The lack of Supreme Court intervention isn’t deterring some landowners, however. “This isn’t going to end here, I can tell you that,” Dan Perry, owner of Chama Troutstalkers LLC, told the Albuquerque Journal. “There are many legal things I can do.”

According to the paper, Perry owns a ranch on the Chama River and is now concerned his property values have taken a hit thanks to public access that was granted by the state’s high-court ruling last fall.

“I believe now that, under the Fifth Amendment, that the state of New Mexico has taken my private property rights from me, so I probably have a cause of action to sue for the loss in value of my property,” he told the Journal. Perry also said he and other landowners might try and change the state’s constitution to restrict public access to waters crossing private lands.

That, however, would be a tough hill to climb. One of the pillars of a similar argument over stream access in Colorado is that rivers and streams are public resources all over the country, and that they were used for transportation, delivery of goods and for fishing well before state lines were drawn and the state was admitted to the union.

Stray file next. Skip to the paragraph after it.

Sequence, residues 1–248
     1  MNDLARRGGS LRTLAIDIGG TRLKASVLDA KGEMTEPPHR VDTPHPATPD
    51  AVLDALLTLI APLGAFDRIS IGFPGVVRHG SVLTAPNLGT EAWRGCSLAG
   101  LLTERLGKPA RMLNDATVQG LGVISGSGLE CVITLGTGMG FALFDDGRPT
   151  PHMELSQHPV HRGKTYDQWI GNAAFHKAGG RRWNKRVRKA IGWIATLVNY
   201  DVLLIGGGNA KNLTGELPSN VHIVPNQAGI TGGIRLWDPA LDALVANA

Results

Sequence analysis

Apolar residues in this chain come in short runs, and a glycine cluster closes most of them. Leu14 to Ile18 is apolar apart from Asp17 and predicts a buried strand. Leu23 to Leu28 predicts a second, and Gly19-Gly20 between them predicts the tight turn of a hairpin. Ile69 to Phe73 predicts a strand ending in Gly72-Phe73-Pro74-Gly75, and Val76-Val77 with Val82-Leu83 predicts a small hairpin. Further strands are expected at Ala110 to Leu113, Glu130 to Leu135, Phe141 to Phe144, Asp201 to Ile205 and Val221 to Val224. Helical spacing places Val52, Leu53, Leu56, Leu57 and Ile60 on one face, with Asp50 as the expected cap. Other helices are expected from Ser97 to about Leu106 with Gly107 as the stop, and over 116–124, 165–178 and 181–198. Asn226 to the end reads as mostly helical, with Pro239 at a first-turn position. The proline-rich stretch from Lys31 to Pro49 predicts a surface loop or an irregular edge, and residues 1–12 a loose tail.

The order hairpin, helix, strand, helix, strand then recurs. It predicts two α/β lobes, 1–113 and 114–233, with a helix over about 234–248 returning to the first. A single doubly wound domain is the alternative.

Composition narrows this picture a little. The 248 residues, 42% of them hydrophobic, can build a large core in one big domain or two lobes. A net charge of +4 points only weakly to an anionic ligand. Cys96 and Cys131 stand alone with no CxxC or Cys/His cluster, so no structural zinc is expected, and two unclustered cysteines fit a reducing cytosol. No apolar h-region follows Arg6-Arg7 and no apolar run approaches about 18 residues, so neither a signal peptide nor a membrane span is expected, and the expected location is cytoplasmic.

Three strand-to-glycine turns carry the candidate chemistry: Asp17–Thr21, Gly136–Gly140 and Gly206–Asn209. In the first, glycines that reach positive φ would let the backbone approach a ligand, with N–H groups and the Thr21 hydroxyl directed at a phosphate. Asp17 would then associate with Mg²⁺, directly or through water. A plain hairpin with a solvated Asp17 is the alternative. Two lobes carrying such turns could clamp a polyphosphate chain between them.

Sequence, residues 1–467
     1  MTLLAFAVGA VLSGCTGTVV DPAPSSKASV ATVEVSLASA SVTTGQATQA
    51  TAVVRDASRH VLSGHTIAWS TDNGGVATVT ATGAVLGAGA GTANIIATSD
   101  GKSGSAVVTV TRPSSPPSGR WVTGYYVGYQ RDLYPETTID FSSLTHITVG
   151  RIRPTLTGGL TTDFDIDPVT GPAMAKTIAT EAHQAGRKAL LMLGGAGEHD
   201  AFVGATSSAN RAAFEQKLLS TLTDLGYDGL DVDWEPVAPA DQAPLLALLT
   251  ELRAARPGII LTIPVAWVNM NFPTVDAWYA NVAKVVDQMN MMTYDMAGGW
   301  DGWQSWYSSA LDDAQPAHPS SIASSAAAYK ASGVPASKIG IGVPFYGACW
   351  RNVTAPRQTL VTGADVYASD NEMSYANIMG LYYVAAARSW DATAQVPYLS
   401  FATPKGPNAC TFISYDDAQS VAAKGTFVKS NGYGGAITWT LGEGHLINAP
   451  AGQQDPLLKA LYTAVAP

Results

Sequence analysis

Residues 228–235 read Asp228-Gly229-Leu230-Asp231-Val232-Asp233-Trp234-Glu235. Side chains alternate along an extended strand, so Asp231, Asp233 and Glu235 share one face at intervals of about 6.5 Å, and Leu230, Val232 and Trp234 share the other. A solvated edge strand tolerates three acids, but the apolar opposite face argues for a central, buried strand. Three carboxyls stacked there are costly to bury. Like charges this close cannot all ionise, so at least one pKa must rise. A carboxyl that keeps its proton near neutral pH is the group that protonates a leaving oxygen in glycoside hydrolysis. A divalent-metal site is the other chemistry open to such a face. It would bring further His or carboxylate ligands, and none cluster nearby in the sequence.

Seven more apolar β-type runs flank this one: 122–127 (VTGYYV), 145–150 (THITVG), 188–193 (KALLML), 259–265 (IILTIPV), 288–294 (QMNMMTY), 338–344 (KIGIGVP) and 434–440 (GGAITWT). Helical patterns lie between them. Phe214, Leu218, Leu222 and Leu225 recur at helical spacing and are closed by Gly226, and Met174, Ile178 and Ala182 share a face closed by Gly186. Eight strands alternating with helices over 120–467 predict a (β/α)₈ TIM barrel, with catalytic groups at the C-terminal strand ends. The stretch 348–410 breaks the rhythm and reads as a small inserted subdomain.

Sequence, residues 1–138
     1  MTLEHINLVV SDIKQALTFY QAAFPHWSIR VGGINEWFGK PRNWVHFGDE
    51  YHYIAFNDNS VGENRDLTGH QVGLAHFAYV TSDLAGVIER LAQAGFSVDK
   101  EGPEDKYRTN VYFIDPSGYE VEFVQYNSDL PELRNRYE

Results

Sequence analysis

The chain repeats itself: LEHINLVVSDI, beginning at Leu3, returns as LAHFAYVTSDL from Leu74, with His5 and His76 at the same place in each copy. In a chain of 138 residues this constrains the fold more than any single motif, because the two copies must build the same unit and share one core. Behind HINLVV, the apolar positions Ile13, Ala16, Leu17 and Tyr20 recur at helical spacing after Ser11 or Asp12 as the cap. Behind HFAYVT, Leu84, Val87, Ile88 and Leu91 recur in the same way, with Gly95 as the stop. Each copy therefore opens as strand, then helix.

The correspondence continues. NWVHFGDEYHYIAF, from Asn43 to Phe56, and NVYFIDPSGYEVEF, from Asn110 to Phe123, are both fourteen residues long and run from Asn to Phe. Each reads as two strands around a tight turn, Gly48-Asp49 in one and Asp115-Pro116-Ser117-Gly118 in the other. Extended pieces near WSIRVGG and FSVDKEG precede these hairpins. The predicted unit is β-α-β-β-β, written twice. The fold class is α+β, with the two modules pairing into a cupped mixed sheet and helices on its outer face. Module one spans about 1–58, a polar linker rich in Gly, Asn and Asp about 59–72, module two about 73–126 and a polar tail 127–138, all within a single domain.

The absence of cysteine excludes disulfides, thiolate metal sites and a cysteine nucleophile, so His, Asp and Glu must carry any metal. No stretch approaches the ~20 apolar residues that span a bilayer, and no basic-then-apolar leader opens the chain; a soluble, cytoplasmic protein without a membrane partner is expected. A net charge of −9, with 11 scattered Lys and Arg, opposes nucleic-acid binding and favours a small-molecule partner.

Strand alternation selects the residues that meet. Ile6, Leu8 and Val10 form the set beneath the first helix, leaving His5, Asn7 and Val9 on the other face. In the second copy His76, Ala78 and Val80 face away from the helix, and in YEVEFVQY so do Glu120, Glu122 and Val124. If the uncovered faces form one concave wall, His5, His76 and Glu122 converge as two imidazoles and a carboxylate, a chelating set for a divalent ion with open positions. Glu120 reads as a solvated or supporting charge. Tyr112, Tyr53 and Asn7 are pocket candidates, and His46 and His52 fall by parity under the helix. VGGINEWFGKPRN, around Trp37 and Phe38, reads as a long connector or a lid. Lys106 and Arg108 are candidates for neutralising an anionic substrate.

“Every New Mexican has a right to enjoy our public streams — it’s in our state constitution and it’s what I’ve spent years fighting for in our state courts,” said U.S. Sen. Martin Heinrich earlier this week in a prepared statement in response to the Supreme Court’s decision to abdicate on the case.

“Last year, the New Mexico Supreme Court reaffirmed this right,” Heinrich said. “Now the United States Supreme Court has effectively reaffirmed it, too, by ending the appeal brought by those who tried to privatize our waters for the benefit of wealthy landowners with out-of-state ties.”


Haa that perry rich guy w a ranch is the kinda ch odes this article is talking bout. Plus you dont even technically own your own land in the usa so su ck on that.